"Motivated Sellers" ...say NO!! - Posted by Gene

Posted by Jim IL on February 26, 2001 at 19:48:35:

It would depend on how you define “Preforeclosure” I guess.
To me, when a seller is current on payments, but is stating cleraly that they CANNOT make any more payments, if they don’t sell, they are heading to foreclosure.
So, I kind of consider those the same, just an early catch.
I’ve had people give me their homes in a number of different sitations, but all of them ones that if SOMETHING was not done, eventually they would have been foreclosed.
Divorces where neither spouse can afford to keep the home.
Job transfer where the job is NOW, and they cannot afford to make the payments and pay rent/payments at the new location.
Whatever, the reason is usually debt relief in one form or another.

Just my $.02,
Jim IL

“Motivated Sellers” …say NO!! - Posted by Gene

Posted by Gene on February 26, 2001 at 11:41:51:

I’ve met with a few good “Motivated Sellers” and they were motivated because they had foreclosure papers in their hands and showing me how they were anywhere from 2-4 months behind on their payments! Sometimes even a 1st & 2nd mortgage!!!

I’ve even made offers to take over existing debt from these sellers and it made no sense after I really looked at it to even get into something such as these problems!! (Just simply because there was to much debt, to many payments behind, and extremely high interest rates on some of these 2nd’s with very high monthlys’ that in reality I know I would have a difficult time getting from a buye)!!! and these people still say 'We need time to think about it"!!!

Even though my offer was silly on my part, these people still are saying “NO”!!!

I got to be messed up or something!. Why would they turn down my offer to take over the ridiculous problem that they currently are in when they know that if something isn’t done they are in trouble?

I am totally confused…or…I just don’t get this at all!



Re: “Motivated Sellers” …say NO!! - Posted by Monique

Posted by Monique on February 27, 2001 at 08:05:23:


As Andrew said, this is quite common with folks who are that close to foreclosure.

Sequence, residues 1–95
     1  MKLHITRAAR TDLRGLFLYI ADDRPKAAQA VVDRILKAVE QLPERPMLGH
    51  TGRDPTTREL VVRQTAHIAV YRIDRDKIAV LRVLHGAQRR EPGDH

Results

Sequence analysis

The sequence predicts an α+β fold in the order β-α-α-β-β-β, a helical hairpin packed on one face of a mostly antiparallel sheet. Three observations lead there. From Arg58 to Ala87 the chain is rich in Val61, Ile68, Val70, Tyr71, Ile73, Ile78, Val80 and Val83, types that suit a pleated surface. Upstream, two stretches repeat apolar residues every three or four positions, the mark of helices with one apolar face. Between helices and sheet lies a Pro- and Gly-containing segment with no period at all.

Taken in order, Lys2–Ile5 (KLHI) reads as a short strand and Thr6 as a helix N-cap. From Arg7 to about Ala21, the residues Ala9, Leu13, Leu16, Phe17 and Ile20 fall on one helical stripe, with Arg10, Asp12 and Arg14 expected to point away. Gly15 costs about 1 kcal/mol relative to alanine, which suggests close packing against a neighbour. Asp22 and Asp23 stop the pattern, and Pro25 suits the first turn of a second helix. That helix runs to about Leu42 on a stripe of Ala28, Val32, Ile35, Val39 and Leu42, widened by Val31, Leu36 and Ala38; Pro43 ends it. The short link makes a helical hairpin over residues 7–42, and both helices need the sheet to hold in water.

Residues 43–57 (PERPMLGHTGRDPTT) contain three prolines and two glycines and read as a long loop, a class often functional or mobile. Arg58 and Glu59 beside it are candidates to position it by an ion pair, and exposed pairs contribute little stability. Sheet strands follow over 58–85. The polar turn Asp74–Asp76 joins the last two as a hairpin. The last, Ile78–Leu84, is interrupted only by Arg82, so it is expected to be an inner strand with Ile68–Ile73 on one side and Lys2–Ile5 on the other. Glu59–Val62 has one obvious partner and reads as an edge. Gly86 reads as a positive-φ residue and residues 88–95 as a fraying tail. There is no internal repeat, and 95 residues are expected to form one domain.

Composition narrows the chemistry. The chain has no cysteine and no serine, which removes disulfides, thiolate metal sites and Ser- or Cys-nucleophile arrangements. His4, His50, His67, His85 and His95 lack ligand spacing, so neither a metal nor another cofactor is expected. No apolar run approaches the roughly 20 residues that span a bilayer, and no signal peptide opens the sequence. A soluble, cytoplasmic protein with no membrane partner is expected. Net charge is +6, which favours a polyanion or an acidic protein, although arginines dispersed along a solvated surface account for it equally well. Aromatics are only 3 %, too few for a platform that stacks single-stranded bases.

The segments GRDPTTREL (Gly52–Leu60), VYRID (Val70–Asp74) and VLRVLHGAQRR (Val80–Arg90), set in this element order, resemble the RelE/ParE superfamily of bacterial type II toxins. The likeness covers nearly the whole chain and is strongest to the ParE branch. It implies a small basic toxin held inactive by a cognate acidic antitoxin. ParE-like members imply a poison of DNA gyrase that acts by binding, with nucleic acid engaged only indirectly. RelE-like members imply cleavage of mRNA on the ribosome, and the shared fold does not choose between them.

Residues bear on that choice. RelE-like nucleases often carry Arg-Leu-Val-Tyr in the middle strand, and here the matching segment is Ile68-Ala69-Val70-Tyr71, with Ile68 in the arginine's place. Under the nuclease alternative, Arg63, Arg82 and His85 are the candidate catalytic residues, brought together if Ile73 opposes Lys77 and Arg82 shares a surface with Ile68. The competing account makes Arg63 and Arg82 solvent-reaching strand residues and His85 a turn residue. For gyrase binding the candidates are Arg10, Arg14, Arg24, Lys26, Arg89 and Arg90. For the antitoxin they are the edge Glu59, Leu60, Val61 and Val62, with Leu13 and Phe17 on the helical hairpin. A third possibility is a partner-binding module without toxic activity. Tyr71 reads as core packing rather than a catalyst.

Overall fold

We’ve seen it time and time again. We make an offer that is frankly a very skinny deal to help the seller out of their situation. The Seller says No and then loses his/her house days later at the courthouse steps – with no right to redemption in our state!

We actually prefer to buy from people that are NOT weeks/days away from foreclosure. We would rather deal with motivated sellers who can still make rational, logical decisions to act quickly.


Nature of the beast. - Posted by Andrew Smith (Phila)

Posted by Andrew Smith (Phila) on February 26, 2001 at 19:09:43:

I have tried dealing with preforclosures and it was not my cup of tea. Everyone has their own nitch and dealing with people who do not act rationally is definetly not mine. Apparently it is a real art. It is interesting that there is a very consistent mental pattern people go through when they are in the foreclosure process. The denial aspect of the pattern can often last right up to the sheriff sale (or the day or so before). What you ran into seems to be par for the course but you need to make the people understand that they can call you if they change their minds - which they might do right before the sale. Good luck.

Re: Nature of the beast. - Posted by Ken

Posted by Ken on February 26, 2001 at 19:41:34:

Who then , should we be pitching the “Subject To” offer to, if not the “Pre-Foreclosure” people? These people are obviously the only ones not worried about their credit!

Has anyone had prior luck with doing “Subject To” with a seller NOT IN PRE-FORECLOSURE?

Maybe I’m not on the same track here. Help me understand this better if you would.



Re: Nature of the beast. - Posted by B.L.Renfrow

Posted by B.L.Renfrow on February 26, 2001 at 20:00:57:

While sellers in financial trouble are the most common source of subject-to deals, they aren’t the only ones.

I’ve done 3 subject-tos where payments were current and there was no evidence that the seller was anticipating having trouble making the payments.

The common factor was this: they DIDN’T WANT THE PROPERTY! In fact, they didn’t want it enough that they couldn’t wait to make it someone else’s problem…namely mine! In one case, the sellers, who had little equity, had tried for more than a year to sell conventionally, without a single offer! In another, the seller was a “tired landlord” who had bad rental experiences with deadbeat tenants. The third was a house some distance from the seller, who had already tried listing with several brokers, to no avail. She simply didn’t want the headaches anymore. So I was happy to solve her problem, in exchange for a chunk of equity.

Remember, we offer solutions. And while it’s a common one, not everyone’s solution centers on money.

Brian (NY)